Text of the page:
The US government has deported people to face abuse and even death in El Salvador. The US is not solely responsible—Salvadoran gangs who prey on deportees and Salvadoran authorities who harm deportees or who do little or nothing to protect them bear direct responsibility—but in many cases the US is putting Salvadorans in harm’s way in circumstances where it knows or should know that harm is likely.
Of the estimated 1.2-million Salvadorans living in the United States who are not US citizens, just under one-quarter are lawful permanent residents, with the remaining three-quarters lacking papers or holding a temporary or precarious legal status. While Salvadorans have asylum recognition rates as high as 75 percent in other Central American nations, and 36.5 percent in Mexico, the US recognized just 18.2 percent of Salvadorans as qualifying for asylum from 2014 to 2018. Between 2014-2018, the US and Mexico have deported about 213 000 Salvadorans (102 000 from Mexico and 111 000 from the United States).
No government, UN agency, or nongovernmental organization has systematically monitored what happens to deported persons once back in El Salvador. This report begins to fill that gap. It shows that, as asylum and immigration policies tighten in the United States and dire security problems continue in El Salvador, the US is repeatedly violating its obligations to protect Salvadorans from return to serious risk of harm.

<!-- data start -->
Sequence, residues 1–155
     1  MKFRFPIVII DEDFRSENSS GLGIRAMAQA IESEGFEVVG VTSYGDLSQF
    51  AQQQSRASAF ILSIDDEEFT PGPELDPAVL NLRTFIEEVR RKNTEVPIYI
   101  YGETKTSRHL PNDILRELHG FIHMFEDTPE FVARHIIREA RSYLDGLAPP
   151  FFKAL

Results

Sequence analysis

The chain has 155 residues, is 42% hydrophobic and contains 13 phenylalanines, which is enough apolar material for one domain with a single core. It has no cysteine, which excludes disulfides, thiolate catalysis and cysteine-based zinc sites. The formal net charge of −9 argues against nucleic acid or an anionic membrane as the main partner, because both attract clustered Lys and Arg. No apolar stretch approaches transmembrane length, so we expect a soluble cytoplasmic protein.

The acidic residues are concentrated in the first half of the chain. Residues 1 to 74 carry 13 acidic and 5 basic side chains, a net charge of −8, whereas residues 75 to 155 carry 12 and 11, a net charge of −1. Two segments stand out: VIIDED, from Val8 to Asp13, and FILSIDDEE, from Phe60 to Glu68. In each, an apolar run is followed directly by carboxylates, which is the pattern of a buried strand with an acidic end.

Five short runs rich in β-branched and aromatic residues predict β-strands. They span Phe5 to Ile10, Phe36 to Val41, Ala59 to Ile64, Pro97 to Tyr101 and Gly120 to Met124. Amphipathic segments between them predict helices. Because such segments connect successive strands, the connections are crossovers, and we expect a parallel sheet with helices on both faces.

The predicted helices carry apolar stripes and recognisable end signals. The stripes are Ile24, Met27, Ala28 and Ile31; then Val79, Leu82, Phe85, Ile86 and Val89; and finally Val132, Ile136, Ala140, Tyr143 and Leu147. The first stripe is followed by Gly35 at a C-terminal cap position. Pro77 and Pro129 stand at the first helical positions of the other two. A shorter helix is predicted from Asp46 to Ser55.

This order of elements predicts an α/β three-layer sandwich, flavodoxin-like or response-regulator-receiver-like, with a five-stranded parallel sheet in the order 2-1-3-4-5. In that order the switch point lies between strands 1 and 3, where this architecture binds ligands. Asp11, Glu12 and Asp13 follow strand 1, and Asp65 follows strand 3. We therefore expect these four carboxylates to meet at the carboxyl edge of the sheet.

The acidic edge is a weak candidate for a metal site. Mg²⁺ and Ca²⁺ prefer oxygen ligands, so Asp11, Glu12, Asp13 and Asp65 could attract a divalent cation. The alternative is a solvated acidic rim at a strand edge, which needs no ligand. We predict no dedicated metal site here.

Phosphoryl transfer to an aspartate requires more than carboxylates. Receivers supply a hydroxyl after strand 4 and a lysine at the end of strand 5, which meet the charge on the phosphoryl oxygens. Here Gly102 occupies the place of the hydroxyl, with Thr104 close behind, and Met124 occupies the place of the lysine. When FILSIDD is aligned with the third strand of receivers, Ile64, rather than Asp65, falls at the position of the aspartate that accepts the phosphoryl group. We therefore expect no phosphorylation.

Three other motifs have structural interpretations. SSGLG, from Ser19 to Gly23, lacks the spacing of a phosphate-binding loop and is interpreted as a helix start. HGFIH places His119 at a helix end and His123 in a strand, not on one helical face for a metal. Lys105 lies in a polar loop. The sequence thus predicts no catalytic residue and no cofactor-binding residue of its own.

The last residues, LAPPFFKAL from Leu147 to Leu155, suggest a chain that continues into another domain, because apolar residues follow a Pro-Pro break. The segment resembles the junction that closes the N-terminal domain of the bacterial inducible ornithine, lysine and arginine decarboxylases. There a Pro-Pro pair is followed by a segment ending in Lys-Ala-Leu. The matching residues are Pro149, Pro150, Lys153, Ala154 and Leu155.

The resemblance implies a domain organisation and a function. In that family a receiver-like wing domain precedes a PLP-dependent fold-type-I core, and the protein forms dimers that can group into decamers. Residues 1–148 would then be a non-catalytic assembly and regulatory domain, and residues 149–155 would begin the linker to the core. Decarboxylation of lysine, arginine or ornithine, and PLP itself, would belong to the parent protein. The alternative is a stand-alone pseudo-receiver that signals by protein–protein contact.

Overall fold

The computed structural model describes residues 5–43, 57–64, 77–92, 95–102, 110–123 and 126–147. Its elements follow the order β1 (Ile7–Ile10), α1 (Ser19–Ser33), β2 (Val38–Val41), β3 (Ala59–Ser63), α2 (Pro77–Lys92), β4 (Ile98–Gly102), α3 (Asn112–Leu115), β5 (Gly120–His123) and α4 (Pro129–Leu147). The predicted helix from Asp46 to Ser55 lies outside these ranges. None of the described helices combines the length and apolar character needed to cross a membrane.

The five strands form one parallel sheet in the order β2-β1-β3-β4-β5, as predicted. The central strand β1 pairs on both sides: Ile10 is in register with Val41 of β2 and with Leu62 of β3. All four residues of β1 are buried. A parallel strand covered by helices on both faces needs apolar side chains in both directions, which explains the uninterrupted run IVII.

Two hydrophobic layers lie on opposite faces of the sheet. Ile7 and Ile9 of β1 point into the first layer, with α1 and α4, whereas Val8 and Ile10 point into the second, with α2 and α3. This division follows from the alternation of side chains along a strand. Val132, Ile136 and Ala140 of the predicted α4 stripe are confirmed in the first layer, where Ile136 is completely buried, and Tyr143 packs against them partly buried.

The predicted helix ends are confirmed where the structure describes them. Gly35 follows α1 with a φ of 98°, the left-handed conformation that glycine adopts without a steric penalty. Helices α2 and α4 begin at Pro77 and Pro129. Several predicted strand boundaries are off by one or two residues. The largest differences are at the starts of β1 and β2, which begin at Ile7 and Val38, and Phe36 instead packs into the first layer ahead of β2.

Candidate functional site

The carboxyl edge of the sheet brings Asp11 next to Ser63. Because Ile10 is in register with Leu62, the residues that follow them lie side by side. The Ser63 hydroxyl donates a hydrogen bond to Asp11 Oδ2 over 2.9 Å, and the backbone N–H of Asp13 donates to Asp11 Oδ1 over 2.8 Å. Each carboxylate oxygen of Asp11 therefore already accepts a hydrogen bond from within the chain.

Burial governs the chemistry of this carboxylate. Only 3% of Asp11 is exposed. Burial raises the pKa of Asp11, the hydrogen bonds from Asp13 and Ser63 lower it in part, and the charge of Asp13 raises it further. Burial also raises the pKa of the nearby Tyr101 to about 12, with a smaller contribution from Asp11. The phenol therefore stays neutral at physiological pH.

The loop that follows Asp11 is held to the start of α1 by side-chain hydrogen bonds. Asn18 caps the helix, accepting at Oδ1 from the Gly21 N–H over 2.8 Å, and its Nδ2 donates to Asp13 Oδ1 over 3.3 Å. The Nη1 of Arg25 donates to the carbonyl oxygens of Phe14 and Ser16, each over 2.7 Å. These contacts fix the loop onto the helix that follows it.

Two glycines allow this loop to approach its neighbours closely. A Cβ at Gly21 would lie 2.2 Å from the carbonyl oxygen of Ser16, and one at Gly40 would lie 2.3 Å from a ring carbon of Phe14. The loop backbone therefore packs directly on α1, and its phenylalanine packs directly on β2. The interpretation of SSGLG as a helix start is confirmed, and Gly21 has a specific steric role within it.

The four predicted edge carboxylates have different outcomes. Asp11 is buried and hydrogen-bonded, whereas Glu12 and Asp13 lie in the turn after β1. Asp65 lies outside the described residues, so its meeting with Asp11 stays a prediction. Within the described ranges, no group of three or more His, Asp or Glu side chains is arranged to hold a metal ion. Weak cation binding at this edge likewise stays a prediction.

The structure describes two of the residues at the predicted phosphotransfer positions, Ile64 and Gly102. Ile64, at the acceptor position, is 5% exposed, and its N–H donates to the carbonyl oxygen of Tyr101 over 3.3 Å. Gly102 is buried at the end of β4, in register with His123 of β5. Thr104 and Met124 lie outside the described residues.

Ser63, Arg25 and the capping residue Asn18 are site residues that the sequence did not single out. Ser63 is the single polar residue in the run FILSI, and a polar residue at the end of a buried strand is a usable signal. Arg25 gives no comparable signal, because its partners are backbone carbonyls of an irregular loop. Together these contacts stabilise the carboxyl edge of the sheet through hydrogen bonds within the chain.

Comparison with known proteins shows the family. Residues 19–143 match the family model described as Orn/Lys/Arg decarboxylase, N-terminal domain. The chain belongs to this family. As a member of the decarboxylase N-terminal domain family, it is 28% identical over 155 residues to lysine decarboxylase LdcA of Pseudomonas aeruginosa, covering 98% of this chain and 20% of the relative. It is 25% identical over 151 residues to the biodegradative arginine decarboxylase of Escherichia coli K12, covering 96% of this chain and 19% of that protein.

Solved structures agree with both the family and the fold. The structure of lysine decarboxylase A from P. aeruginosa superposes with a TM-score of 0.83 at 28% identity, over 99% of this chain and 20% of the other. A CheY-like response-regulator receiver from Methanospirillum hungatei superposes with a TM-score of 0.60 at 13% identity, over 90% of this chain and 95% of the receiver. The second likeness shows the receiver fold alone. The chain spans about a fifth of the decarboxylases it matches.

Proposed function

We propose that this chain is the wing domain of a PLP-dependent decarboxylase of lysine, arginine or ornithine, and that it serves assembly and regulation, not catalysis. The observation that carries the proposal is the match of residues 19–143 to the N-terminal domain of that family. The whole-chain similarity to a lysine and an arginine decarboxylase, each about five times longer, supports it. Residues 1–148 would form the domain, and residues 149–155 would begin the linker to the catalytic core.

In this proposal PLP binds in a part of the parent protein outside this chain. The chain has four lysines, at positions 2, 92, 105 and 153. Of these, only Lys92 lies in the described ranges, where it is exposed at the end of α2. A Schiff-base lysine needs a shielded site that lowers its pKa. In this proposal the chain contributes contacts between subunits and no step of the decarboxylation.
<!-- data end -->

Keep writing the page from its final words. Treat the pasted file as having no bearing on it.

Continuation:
Some deportees are killed following their return to El Salvador. In researching this report, we identified or investigated 138 cases of Salvadorans killed since 2013 after deportation from the US. We found these cases by combing through press accounts and court files, and by interviewing surviving family members, community members, and officials. There is no official tally, however, and our research suggests that the number of those killed is likely greater.
Though much harder to identify because they are almost never reported by the press or to authorities, we also identified or investigated over 70 instances in which deportees were subjected to sexual violence, torture, and other harm, usually at the hands of gangs, or who went missing following their return.
In many of these more than 200 cases, we found a clear link between the killing or harm to the deportee upon return and the reasons they had fled El Salvador in the first place. In other cases, we lacked sufficient evidence to establish such a link. Even the latter cases, however, show the risks to which Salvadorans can be exposed upon return and the importance of US authorities giving them a meaningful opportunity to explain why they need protection before they are deported.
Report by the Human Rights Watch
Deported to Danger – United States Deportation Policies Expose Salvadorans to Death and Abuse1.76 MB